PESHAWAR: Changes in the pattern of rainfall and cold stress phenomenon have resulted in the loss of normal yields of food grains, including wheat and maize, and fruits in different districts of Khyber Pakhtunkhwa in recent years.
A report by the Climate Change Centre, University of Agriculture, Peshawar, reveals that the climate change had serious repercussions for the farming sector of the food-deficit province. It added that the changing weather pattern was also taking a toll on livestock due to widespread diseases associated with abrupt changes in climate, while production had decreased due to the unavailability of fodder and balanced diet.
The study on ‘forecasting impact of climate change of key crops of 10 selected districts, KP’ was jointly conducted by Prof Mohammad Jamal Khan, Prof Hamayoon Khan and Dr Inamullah. It revealed that changes in the rainfall distribution and pattern along with rise in temperature had been perceived by farmers.
“Unfortunately, it has not been realised by the planners and researchers, whereas the livelihood of the farmers particularly small farmers is at risk and will further aggravate in future,” said the report.
University report warns livelihood of small farmers vulnerable
The study was conducted in northern, central and southern regions of the province. Abbottabad, Buner, Bannu, Nowshera, Mansehra, Lower Dir, Upper Dir, Mardan, Shangla and Lakki Marwat districts were selected for field study.
The report revealed that with exception of Upper Dir and Shangla, wheat was affected by the climate change, whereas in the rain-fed areas, including central valley and southern districts, wheat hadn’t been even grown in the last two and three years due to the shortage of moisture and delay in rainfall.
It said maize crop was affected due to the shortage of water and rise in temperature in Lakki Marwat, Nowshera and Lower Dir.
Similarly, rice cultivation is affected throughout the province except in Upper Dir and Shangla, while the production of citrus, apples and peer is gradually decreasing due to climate change.
Another emerging issue is that sources of surface water especially springs have either dried or are drying and water table is decreasing throughout the province.
“The water table has been lowered to more than 200 feet in central and southern whereas it is continuously dropping elsewhere in the province,” it said.
The report recommended the development of new ‘germplasms’ of crops, fruits and vegetables to stand the extremes of climates.
Dr Hamayoon Khan, who headed the centre, said severe change in the pattern of rainfall had resulted in the loss of normal yield of different crops in the districts.
“Major reason of the changing pattern in rainfall is deforestation and as a result, the ratio of carbon in the air has also increased,” he said, adding that the issue could be handled through massive forestation.
The climate analysis of the last 20 years of KP conducted by the Peshawar Meteorological Station also showed 25 per cent decrease in rainfall in winter in Peshawar and 40 per cent increase in the summer rainfall along with increase in off season rain from April to mid May.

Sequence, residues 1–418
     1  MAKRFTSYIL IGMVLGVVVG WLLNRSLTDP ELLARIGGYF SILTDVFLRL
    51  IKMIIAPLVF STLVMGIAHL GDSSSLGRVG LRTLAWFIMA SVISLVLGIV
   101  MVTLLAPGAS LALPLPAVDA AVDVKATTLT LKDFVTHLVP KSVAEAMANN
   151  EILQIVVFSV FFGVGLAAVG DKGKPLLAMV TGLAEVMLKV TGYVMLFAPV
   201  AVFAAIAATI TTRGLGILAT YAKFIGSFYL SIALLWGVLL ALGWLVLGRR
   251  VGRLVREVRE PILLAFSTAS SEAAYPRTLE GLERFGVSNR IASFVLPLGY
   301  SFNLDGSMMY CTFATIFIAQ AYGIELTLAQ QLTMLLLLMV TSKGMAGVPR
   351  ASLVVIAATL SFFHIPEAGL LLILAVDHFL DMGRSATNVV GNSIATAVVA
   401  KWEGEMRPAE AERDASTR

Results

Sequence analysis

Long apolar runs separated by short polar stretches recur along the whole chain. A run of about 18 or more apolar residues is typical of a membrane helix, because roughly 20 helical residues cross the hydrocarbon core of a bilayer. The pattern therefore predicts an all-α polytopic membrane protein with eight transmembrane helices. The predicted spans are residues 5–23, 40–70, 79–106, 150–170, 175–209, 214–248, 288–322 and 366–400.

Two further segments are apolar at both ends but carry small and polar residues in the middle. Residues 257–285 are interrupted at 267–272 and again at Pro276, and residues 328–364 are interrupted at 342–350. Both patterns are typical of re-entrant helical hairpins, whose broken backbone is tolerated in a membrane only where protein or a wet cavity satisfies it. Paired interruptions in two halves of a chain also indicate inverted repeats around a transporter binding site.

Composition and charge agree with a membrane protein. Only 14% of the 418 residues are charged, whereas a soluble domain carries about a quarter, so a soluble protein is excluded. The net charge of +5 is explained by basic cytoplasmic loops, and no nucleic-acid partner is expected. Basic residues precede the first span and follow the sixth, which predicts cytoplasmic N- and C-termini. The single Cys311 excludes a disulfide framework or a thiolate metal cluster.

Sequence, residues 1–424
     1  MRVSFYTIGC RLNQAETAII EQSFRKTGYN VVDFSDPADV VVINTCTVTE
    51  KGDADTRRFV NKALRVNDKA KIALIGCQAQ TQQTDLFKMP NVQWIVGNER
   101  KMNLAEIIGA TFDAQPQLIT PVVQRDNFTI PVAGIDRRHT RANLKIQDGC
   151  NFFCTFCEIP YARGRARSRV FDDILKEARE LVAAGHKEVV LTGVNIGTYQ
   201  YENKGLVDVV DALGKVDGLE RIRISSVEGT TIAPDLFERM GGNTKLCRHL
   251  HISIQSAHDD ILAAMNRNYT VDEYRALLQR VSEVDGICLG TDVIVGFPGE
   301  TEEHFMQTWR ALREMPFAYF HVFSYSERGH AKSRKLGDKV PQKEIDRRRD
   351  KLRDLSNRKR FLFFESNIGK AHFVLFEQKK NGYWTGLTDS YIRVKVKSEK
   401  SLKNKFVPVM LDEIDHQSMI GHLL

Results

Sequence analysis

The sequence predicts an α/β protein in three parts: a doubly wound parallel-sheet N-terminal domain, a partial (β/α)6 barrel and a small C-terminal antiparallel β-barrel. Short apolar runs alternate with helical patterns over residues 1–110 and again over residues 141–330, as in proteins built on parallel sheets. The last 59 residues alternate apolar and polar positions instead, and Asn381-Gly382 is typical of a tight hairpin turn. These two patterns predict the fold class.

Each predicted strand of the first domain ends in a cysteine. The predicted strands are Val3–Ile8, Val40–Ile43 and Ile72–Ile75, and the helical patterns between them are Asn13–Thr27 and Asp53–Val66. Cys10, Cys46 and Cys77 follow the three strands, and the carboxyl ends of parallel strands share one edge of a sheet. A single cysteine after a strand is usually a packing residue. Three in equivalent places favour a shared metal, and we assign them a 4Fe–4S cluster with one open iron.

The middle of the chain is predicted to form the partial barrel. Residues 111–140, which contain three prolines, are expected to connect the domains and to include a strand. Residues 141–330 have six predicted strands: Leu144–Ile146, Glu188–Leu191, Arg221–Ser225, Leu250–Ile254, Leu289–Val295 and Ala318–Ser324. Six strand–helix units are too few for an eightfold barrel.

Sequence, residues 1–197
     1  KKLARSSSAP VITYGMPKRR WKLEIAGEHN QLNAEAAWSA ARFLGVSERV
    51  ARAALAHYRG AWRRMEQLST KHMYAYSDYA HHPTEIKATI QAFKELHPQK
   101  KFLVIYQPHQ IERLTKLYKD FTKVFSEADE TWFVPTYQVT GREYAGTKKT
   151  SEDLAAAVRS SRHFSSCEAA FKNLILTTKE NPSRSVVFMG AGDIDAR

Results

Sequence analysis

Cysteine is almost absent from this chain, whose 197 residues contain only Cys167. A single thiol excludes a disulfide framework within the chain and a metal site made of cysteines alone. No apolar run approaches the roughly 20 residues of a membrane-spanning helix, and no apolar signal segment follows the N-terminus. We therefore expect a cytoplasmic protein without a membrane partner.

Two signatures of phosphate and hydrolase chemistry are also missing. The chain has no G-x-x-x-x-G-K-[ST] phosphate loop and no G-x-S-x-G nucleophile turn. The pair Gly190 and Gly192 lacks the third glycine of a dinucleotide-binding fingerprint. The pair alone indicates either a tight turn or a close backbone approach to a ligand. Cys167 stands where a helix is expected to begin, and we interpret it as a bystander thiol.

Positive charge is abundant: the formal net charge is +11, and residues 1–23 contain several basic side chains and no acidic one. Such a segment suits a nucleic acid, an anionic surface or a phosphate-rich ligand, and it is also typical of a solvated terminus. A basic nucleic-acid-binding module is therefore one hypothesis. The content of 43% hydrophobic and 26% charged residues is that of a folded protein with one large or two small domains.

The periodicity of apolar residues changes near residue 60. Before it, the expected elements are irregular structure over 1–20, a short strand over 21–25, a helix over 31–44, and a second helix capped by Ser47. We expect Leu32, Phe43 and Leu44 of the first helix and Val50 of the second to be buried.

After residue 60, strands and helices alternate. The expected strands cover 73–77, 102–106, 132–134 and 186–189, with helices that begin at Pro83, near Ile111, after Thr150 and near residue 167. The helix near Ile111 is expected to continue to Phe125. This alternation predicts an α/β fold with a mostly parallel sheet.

This analysis shows overall 10 per cent increase in day and night temperature of Peshawar.
According to the analysis, the annual rainfall in Peshawar, Kakul (Abbottabad), Dera Ismail Khan and Saidu Sharif (Swat) has increased during the last two decades while rainfall in Chitral has decreased.
The minimum temperature of Saidu Sharif has recorded 10-15 per cent increase in the summer season, while the maximum temperature in Kakul also shows 10 per cent increase.
Director of the Regional Meteorological Centre, Peshawar, Syed Mushtaq Ali Shah while commenting on the changes said the daytime temperature had increased in winter, while temperature in summer had slightly decreased affecting the yield of fruits in Peshawar and its surrounding areas.
“Deforestation, unplanned urbanisation, conversion of agriculture lands and suspension of dust particles in the air of big cities and towns are contributing to global warming,” he said. The director said temperature in some areas was increasing at the rate of approximately 0.5 degree Celsius per decade.
He said the annual mean rainfall in 1999-2008 in Chitral was recorded 450.9mm, which had decreased to 434.9mm in 2009-2018.
Pakistan has been declared the seventh most vulnerable country to climate changes in the world.
The climate experts say that the risks related to climate change could not be handled only by increasing forest covered area of the country. They stressed for adopting holistic approach to cope with the issue of global warming.
Dr Zulfiqar, a climate expert, who teaches at the University of Agriculture, anticipated that increase in rainfall would continue till 2030 but there would be no or less rains when crops needed.
He termed the trend of heat and cold stress very dangerous for crops in the region.
“Abrupt slump in temperature during summer affects both human beings and crops,” he said. The expert said deforestation and reforestation were going side by side in the country while harvesting of trees in rural areas had decreased because of supply of natural gas.
He said that forestation could increase rainfall and control air and land pollution but the issue of global warming could not be addressed only through forestation.
“We need land zoning, water management, construction of small dams and promotion of green building concept to cope with the climate change,” he said.
Published in Dawn, December 9th, 2019